Coating Matters | Everything You Wanted to Know about Coating But Were Afraid to Ask

Fluid coating is a world of science and art. Some things we know well, and some things have yet to be proven, and many things have yet to be investigated. So where do we start?

Fluid coating is the process of depositing one or more liquids that are balanced onto a substrate until the liquid is cured into a solid. This fluid-coated substrate provides some function that increases the value of the product above what the substrate would have been alone.

The key area of interest in fluid coating is the displacement of air at the liquid/substrate interface. Whether the liquid is 1 micron or 100 microns wet, the principles are the same.

Below 1 micron wet is typically the area of technology referred to as “thin film coating” and is fundamentally different. In thin film coating, the solid material that is placed on the substrate is built up in Angstrom levels until the thickness required is developed. In fluid coating, the solution, suspension, or dispersion is cured down to the required thickness. Therein lies the difference, one technology builds up, while our area of interest (fluid coating) coats thicker and cures down.

The world of fluid coating is vast and covers products from optical film to duct tape. Even so, the technology is based on the same concepts—move a fluid from a tank, through a coating station, deposit the fluid on the substrate, and cure in place. With this simple understanding, there are still complex questions to ask when developing a new-to-the-world product:

  • What coating method is best?
  • What process specifications will work for the product?
  • What design for coating equipment is appropriate?

What changes if the product is not new, but existing? The criteria that bubble to the surface focus on increased coating speed, thinner coating, more simultaneous layers, reducing defects, and increasing yield. With this multidisciplinary industry, coating process engineers need to collaborate with product chemists and equipment engineers to optimize the system available.

Whether the coating being developed is for a new fluid or an existing product, the keys still focus on fluid flow stability and displacing the air present at the substrate. To do both well, the process engineer needs to be concerned with surface energy and surface tension compatibility between the substrate and the fluid. Whether these work out naturally, or are forced with chemical or physical alteration, is only half the solution.

Once the fluid and substrate adhere, contaminants, flow disturbances, inhomogeneities in the fluid, or uncontrolled air flow may still cause coating defects. Defect formation may be connected to raw material variation or equipment instability. Everything has to be investigated and reviewed to understand and clarify a root cause.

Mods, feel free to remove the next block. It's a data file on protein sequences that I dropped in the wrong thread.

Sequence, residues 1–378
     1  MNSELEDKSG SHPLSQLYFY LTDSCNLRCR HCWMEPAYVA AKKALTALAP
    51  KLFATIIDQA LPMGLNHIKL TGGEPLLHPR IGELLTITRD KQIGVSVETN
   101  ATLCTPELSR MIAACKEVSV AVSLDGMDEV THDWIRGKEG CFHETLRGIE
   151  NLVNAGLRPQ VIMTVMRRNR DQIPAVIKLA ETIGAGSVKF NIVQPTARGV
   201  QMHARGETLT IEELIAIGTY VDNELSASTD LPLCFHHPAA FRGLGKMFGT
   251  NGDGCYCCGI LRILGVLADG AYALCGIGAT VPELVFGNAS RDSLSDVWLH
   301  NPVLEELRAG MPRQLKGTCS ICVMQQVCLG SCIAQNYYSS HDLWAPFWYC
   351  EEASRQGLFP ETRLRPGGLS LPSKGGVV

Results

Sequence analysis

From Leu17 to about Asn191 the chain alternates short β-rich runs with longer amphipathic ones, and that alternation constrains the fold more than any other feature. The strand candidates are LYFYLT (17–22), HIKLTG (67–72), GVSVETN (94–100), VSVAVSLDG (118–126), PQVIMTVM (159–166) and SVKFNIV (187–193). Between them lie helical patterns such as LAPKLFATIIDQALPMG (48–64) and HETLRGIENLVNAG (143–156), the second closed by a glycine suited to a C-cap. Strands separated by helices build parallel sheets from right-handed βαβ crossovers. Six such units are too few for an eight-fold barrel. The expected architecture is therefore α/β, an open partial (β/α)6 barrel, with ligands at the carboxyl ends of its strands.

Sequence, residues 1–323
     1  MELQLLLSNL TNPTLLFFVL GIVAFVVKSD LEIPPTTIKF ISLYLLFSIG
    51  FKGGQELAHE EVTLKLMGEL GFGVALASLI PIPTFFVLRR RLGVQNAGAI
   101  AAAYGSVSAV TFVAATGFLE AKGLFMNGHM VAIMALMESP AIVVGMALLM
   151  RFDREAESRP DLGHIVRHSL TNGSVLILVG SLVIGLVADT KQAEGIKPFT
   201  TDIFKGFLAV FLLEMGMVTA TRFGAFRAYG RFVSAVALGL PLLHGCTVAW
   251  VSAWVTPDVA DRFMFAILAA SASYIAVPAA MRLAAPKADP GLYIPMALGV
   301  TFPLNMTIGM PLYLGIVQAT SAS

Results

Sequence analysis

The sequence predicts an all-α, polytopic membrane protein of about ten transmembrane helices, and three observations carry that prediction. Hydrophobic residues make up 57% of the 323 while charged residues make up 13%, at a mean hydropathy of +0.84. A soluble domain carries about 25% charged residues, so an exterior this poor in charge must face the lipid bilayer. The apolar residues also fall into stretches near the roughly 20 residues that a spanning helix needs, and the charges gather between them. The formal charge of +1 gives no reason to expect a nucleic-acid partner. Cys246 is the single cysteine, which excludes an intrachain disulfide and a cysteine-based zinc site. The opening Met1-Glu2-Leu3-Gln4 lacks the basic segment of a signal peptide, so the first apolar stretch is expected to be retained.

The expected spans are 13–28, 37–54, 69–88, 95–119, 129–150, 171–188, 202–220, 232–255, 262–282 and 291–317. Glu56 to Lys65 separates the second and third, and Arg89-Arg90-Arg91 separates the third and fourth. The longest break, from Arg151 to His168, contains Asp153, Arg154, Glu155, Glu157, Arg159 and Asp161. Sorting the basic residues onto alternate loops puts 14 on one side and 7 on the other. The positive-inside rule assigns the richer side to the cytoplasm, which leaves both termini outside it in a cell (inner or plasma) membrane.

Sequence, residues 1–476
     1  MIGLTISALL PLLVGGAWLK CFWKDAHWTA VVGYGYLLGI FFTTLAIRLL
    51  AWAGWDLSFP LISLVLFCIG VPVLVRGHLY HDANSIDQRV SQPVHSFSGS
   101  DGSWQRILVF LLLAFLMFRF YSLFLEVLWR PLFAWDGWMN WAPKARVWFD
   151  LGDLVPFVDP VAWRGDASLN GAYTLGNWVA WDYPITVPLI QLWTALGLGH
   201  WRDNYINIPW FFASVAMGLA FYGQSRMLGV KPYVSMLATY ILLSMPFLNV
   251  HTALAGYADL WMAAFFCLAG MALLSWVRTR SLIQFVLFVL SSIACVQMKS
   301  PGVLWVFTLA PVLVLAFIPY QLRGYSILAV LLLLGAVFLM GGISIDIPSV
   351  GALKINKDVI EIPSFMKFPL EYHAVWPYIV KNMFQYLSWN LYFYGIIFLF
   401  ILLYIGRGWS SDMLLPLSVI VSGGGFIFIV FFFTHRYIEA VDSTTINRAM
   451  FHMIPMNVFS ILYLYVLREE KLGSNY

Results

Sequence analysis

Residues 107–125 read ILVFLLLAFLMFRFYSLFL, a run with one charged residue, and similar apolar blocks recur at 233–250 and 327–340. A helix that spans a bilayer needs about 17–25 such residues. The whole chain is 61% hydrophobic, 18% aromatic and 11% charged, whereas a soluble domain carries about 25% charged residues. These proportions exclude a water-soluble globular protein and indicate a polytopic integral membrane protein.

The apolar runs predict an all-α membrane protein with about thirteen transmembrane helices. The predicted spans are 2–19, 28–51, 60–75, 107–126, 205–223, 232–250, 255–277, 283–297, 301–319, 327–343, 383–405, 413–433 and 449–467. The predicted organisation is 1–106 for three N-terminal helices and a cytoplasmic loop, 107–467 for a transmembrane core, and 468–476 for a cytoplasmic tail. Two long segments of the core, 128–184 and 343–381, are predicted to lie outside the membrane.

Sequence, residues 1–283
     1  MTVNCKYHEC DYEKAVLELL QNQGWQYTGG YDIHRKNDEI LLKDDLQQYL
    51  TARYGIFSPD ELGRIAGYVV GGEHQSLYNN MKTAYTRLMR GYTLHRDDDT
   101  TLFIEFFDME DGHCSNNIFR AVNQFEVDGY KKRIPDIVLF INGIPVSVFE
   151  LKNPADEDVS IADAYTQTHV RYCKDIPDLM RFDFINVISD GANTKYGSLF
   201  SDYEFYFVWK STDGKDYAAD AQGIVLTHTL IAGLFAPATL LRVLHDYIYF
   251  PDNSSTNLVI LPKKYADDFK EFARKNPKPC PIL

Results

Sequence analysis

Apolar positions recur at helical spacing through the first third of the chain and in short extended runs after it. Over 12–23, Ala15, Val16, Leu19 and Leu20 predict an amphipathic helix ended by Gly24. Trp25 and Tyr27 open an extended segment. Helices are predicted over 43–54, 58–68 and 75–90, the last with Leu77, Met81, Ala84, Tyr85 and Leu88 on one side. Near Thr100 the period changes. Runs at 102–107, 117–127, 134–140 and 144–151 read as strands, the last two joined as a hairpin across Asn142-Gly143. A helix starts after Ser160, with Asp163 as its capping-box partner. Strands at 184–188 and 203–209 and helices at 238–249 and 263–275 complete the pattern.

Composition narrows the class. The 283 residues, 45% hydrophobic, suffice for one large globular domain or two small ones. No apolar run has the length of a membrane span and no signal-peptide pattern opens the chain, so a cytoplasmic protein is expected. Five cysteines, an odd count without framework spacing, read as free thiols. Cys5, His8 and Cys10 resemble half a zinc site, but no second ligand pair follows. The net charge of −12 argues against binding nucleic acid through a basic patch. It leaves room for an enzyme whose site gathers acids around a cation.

In order to handle this massive data set for fluid coating understanding, simulations and modeling can provide predictive information. This set of interpolated results provide the basis for a designed experiment to empirically conquer coating defects in the field. Combining this scientific approach with in-field knowledge will provide the quickest and most robust response to the coating engineer’s dilemmas.

The best preparation for the coating process engineer to tackle the coating defects ahead is to ask the right questions:

  • What is the dynamic rheology of the fluid being coated?
  • What variability is inherent in the fluid and substrates involved?
  • How is the web controlled in the coating head position (tension or speed control)?
  • What is the simulated results of coating the specific fluid on the specific substrate at the suggested process conditions?
  • How big the coating window?
  • What quality and functional results are required of the final coated product?

This limited question set is a great starting point to lead the coating process engineer forward. Of course these lead to more in-depth questions. But with a strong basis, the coating defect solution is not far away.

The more you question, the more you know; the more you know, the more coating stops being an art and becomes a science!

Mark D. Miller, author of PFFC's Coating Matters column, is a fluid coating expert with experience and knowledge in the converting industry accumulated since 1996. Mark holds a Bachelor's degree in Chemical Engineering from the Univ. of Wisconsin-Madison and a Master's degree in Polymer Science & Engineering from Lehigh Univ. and a Juris Doctor from Hamline Univ. Mark is a technical consultant and CEO of Coating Tech Service LLC. He has worked in web coating technologies and chemical manufacturing operations and is a certified Six Sigma Black Belt trained in both DMAIC and DFSS disciplines. Coating Tech Service provides process troubleshooting and project management for precision coated products. Mark has extensive process knowledge in high precision coating applications including thin film photo voltaic, Li-Ion battery, and optical systems technology. Mark has been integral to new developments and technology that minimize product waste and improve process scalability.

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